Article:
Since meteorological data have been regularly recorded in Hungary, 2010 has been the rainiest year, whereas 2011 and 2012 have been the driest years. Protected grasslands and their management by low-intensity livestock farming are seriously affected by climatic changes. This paper seeks to shed light on stakeholder perceptions of recent extreme weather events, in order to better understand how to adapt the management of vulnerable habitats to anticipated changes. The status of vulnerable habitats is strongly affected by land use change as well; therefore, this process requires stakeholder involvement. Opinions on what aspects are presumed to be affected most by changes in climate were gathered during semistructured interviews from farmers and conservationists in the Körös-Maros National Park in Hungary. Stakeholders revealed negative impacts resulting from extreme floods, droughts, and changes in rainfall and temperature, and they highlighted challenges relating to conflicting management objectives and perverse incentives arising from policy-level issues (such as regulatory structures and implementation). Subjects noted that years with high precipitation caused adverse conditions for livestock, late mowing due to inaccessible pastures, poor quality of hay, and undergrazing (but still compaction damage). Years with negative precipitation records show decreased quantity and quality of hay, loss of valuable forage, winter shortage of green fodder, land degradation, increased water demand, shifting grazing seasons, decreasing carrying capacity, overgrazing, heat stress, declines in physical activities, expansion of invasive alien species, and conflicts between economic interests and nature conservation objectives. In only a few cases was the awareness of these issues converted into practical adaptation or mitigation activities.
Climate change is likely to have impacts on the agricultural sector as well as on nature conservation, including grassland-based livestock production in many regions of the world (IPCC 2007). These sectors will be more sensitive to climate change than manufacturing and retail and the effects will be more negative in marginal regions aggravating current economic and social problems (Maracchi et al. 2005). Although intensive agricultural systems generally have a low sensitivity to climate extremes, because changes in temperature or rainfall have modest impact, some low-intensity farming systems located in marginal areas may be severely affected (Darwin and Kennedy 2000). This fact greatly affects biodiversity conservation, as low-intensity farming systems, especially pastures and hayfields on grasslands, are critical to nature conservation and the protection of the rural environment (Bignal and McCracken 1996).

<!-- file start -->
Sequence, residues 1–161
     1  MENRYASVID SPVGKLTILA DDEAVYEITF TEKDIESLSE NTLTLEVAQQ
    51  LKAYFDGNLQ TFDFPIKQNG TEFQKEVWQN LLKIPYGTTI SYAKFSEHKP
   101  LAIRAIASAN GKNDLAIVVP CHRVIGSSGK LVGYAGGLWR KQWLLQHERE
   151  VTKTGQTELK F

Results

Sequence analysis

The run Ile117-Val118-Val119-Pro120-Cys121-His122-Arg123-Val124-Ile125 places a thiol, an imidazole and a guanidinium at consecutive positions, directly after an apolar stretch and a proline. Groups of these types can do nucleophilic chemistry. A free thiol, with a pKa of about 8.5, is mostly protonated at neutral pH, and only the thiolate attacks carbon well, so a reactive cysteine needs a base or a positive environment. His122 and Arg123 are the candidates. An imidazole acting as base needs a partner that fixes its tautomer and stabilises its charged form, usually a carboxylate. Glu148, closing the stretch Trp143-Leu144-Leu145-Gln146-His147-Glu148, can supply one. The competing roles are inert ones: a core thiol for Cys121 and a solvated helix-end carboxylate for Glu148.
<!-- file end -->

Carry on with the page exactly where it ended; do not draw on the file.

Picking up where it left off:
The area of grasslands in Europe is likely to decrease by the end of this century and their productivity is likely to be reduced by temperature and precipitation changes (Falloon and Betts 2010). While the agricultural sector has already adapted to some seasonal variability, in recent years climatic effects have resulted in several management problems. Grassland-based livestock production may be influenced by climate change directly by means of effects on animal welfare, heat stress, and reproduction, and indirectly through impacts on productivity of pastures and forage crops (Maracchi et al. 2005).
The agricultural sector, as well as nature conservation, is affected by various pressures in Hungary. Agricultural predictions using climate model ensembles indicate that Hungary is a hotspot, especially for precipitation (the only one in Europe to date) and temperature (Fraser et al. 2013). Winters are likely to become wetter and springs and summers drier according to the Regional Climate Model System (RegCM) and the Providing Regional Climates for Impacts Studies (PRECIS) regional climate model. The annual mean temperature in Hungary is expected to increase within each landscape unit by 1.2°–2°C for the period of 2021–50 and by 3.4°–3.7°C for the period of 2071–2100, compared to the reference period of 1961–90 based on the Aire Limitée Adaptation Dynamique Développement International (ALADIN) model and the MPI regional model (REMO) suitable for climate modeling and weather forecasting (Krüzselyi et al. 2011). During the first decade of the twenty-first century, annual mean temperature of every year except for 2005 exceeded the long-term average (i.e., 1971–2000), and 2012 was the second warmest year on record since 1901 (Mezősi et al. 2014). With a massive annual precipitation of 959 mm, 2010 was the rainiest year since 1901, whereas 2011 was the driest one; precipitation totals show greater than 100% difference between these two consecutive years. Only 6% of the normal precipitation amount was registered for March 2012 and 14% for August 2012, making these the driest months since 1901. The minister of rural affairs announced drought status for nearly the entire country from 1 November 2012 to 31 October 2013. The average annual temperature and precipitation in Hungary and the study area from 2010 to 2014 are shown in Figs. 1 and 2.
The warming trend in Hungary is obvious on the harmonized, gridded data for the period of 1961–2010. The changes in the number of days with precipitation above 20 mm show substantial decrease (or increase only in small areas of the region) in this 50-yr-long period (Lakatos et al. 2013). Because of the small area of the country, there are only slight spatial differences in the future changes of the temperature, on the basis of the models. However, a characteristic positive trend can be observed from north to south during the summer months. The highest precipitation decrease can be observed on the southern part of the country during the summer months (Bartholy et al. 2007).
The increased occurrence and duration of droughts could have many negative impacts such as reduced pasture productivity, increased livestock deaths, soil erosion, and land degradation (Barczi et al. 1998). Reduction in surface runoff, soil moisture, and recharge to groundwater were additional elements on the Great Hungarian Plain, which had been already facing problems of water shortage (Podmaniczky et al. 2011). Birkás et al. (2013) give various solutions for adapting Hungarian soil tillage practices to climate extremes.